Looking back up the bike path to Noborito. Say what you will about the Tokyo-Kanagawa border near Kawasaki, it was a great place for getting in long-distance rides on a bicycle, and there were two wonderful bike shops at both ends of the route.

Saturday, November 25, 2017

Monster Hunter X

(All rights belong to their owners. Images used for review purposes only.)

Monster Hunter X, Capcom, 2015, Grade: D
X, or Cross, (known in the U.S. as "Generations") was the fifth game in the MH franchise. I've never played any of the other Hunter games, and from what little I'd seen from the ads, it just looked like a monster bashing game with no real story, which is why I didn't bother with it. But, the used book and games chain, Book Off, had Cross on its shelves for between 100 and 400 yen (90 cents to $3.60 USD), and at that price I figured I didn't have much to lose. Unfortunately, Cross expects players to already be familiar with how to capture certain monsters, or get past specific puzzles in the game, and I got stuck at one point pretty early on in stage 1, and no amount of digging in the walkthroughs, FAQs and forums in either English or Japanese gave me any indication on how to continue, so I gave up.

(In the first village, where you can get equipment, quests, and buffs.)

If you have played the Monster Hunter games before, then you know what they are and how they work. If not, this is what I've been able to figure out. In a nutshell, the game is set on a planet that's divided into "zones," where each zone has a specific set of monsters. Each stage consists of a map of connected zones, and you're given quests to find a monster or a plant, and bring parts of it to a drop box at the start of the stage. Unless you fulfill the requirements of the quest, you can't get out of that stage, and if the clock runs out first then you lose the game. You play a novice hunter that you design and name yourself, and you start out in a village that gives you access to weapons and armor shops, people that can answer some questions and give you the quests, and acts as the entrance to the first stage. After that, it's just a matter of exploring the village, all connected areas, and the stage map, and then taking on quests. One quest might be to bring back one of each kind of plant in the stage, another could be to defeat a certain kind of beast and collect 5 leg bones. Otherwise, there's no story.

(In zone 1 of the first stage, with some of the monsters in the background. The zone map is on the lower screen.)

I have to admit that the game is huge (what I've seen of it), the monsters are highly detailed and varied, and the artwork is great. There are many kinds of weapons and armor, and the designs for what you're carrying change as you equip different things. Visually, it's a great game. Gameplay-wise, it's all hack and slash. Your attacks change based on the equipped weapon, and battles can drag on for several minutes. When you enter the stage to start a quest, there's a supply box that can give you the stage map, some stat buffing items, and tools like a butterfly net or a pick axe. You're limited on how much you can carry at one time, so you can't just grab everything in the box, but often it does act like a hint as to how to fulfill the quest (e.g. - if you need to get some minerals, the box will offer the pick axe). Everything else in the game is just support for going after bigger, more dangerous targets. And this is an important point - you don't get experience by killing stuff. Increases in attack and defense stats are strictly from the weapons and armor you equip. The game rewards you for finishing the quests quickly, not for how much fighting you do. This means that if you don't understand the point of a specific quest after the timer has reached half way, you're better off resetting the game and starting over (you can only save when you're in the village).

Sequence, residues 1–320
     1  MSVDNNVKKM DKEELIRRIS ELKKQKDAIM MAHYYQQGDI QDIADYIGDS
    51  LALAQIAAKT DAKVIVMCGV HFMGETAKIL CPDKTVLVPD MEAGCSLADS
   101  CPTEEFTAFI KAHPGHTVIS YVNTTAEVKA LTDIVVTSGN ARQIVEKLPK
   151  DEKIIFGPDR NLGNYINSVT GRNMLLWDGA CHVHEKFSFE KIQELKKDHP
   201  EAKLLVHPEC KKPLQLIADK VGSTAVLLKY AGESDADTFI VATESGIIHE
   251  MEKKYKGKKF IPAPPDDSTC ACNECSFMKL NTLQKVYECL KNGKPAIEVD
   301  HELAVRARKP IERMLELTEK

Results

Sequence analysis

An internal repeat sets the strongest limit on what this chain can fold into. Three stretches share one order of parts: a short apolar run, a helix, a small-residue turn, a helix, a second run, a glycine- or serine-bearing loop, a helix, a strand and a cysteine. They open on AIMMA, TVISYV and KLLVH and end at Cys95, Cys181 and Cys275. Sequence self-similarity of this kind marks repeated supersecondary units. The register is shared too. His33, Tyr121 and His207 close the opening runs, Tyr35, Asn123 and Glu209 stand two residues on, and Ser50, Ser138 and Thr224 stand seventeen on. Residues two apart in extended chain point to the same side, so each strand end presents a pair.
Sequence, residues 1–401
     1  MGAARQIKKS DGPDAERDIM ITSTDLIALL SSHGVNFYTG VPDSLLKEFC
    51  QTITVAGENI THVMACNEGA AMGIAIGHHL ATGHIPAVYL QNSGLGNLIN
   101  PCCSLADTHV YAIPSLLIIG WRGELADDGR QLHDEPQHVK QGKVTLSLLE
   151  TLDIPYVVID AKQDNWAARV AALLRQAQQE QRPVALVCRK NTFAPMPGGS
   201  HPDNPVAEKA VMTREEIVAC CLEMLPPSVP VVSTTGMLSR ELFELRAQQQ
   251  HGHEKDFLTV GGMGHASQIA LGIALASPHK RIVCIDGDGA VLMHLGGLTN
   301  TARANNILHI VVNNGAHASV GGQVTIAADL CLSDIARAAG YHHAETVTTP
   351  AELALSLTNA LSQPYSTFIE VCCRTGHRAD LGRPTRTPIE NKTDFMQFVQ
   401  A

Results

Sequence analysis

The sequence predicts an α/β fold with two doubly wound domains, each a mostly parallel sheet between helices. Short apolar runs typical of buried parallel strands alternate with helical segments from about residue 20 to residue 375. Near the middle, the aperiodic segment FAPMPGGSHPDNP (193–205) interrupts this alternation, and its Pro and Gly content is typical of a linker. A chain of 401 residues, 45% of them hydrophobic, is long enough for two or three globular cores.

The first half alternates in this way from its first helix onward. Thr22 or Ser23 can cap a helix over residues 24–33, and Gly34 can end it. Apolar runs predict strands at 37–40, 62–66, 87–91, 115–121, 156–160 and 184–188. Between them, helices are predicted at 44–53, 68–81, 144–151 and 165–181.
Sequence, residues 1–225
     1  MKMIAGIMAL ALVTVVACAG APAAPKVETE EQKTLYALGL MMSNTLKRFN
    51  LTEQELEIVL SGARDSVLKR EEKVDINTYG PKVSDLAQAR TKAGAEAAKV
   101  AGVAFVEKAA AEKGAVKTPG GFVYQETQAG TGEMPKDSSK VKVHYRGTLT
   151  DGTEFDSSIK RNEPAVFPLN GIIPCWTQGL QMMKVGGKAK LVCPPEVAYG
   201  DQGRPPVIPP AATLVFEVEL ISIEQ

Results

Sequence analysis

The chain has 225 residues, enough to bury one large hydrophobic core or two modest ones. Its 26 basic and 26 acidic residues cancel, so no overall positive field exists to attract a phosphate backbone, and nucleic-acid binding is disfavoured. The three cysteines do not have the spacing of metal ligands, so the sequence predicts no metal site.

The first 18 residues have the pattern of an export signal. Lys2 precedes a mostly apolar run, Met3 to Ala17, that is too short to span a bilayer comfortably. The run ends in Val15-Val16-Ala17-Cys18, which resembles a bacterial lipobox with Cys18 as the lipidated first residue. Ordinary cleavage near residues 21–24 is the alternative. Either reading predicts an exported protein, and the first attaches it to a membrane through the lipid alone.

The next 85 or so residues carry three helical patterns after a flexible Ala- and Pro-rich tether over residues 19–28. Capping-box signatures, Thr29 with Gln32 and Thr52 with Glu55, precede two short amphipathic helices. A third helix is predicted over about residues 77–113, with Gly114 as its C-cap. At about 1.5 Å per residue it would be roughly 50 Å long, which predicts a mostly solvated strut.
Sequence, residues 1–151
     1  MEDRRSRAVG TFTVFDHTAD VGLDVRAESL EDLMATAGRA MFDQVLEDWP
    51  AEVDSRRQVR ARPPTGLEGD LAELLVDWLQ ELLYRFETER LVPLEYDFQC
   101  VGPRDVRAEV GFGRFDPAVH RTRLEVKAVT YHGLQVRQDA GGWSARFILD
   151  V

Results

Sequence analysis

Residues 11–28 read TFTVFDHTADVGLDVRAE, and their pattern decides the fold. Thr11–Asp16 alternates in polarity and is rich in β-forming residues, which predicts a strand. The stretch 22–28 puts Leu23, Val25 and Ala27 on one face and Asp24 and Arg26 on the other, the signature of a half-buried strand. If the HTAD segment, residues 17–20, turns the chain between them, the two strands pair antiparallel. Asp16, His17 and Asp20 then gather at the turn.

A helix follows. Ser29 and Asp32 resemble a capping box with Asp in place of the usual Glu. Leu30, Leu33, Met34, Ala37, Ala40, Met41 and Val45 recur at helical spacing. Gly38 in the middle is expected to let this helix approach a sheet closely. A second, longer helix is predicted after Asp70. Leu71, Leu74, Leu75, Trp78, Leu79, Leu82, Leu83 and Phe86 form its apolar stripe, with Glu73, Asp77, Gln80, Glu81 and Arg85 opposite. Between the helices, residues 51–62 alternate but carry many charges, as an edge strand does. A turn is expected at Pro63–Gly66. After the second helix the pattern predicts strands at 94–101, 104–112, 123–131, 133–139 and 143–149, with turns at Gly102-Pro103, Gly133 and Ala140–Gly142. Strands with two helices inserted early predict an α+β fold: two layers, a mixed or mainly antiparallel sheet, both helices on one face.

(The problem zone, zone 8, with a giant dragon fly, and no way to get down the cliff in the back.)

My problem is that there's one quest that requires that I reach zones 9, 10 or 11, which are at the far back of the map. Generally, the zones are connected by walking paths; you just walk to an exit point from that zone and you're taken to the next neighboring zone. However, some of the zones have cliff faces, and act as one-way streets (you can go down the cliff from zone 5 to zone 8, but not the other way around). But, for this particular zone group, there's no apparent way to progress further along the map. I guess there's some kind of trick, like getting to zone 8, luring a big winged insect and riding it down the cliff or something, but I just can't figure out what it is, and there's nothing I can find online that will help me. This is a key quest, too, and I can't get to the next stage without finishing this one. Yes, the artwork and monsters and everything are very impressive, but I like RPGs that have stories and tricks I can figure out. To me, Monster Hunter is just a way of killing time, and I've got better games I can play for that (like Bravely Default).

In summary, I don't care for the "kill a monster, then kill another one" genre, and I'm still not a Monster Hunter fan. I'm giving this one a pass, and I'm just thankful that it was so cheap to begin with (which, of course, is a clue as to how popular the game is in Japan now...)

Friday, November 24, 2017

Bravely Default 3DS review

(All rights belong to their owners. Images used here for review purposes only.)

Bravely Default, from Square Enix, 2012, Grade: B+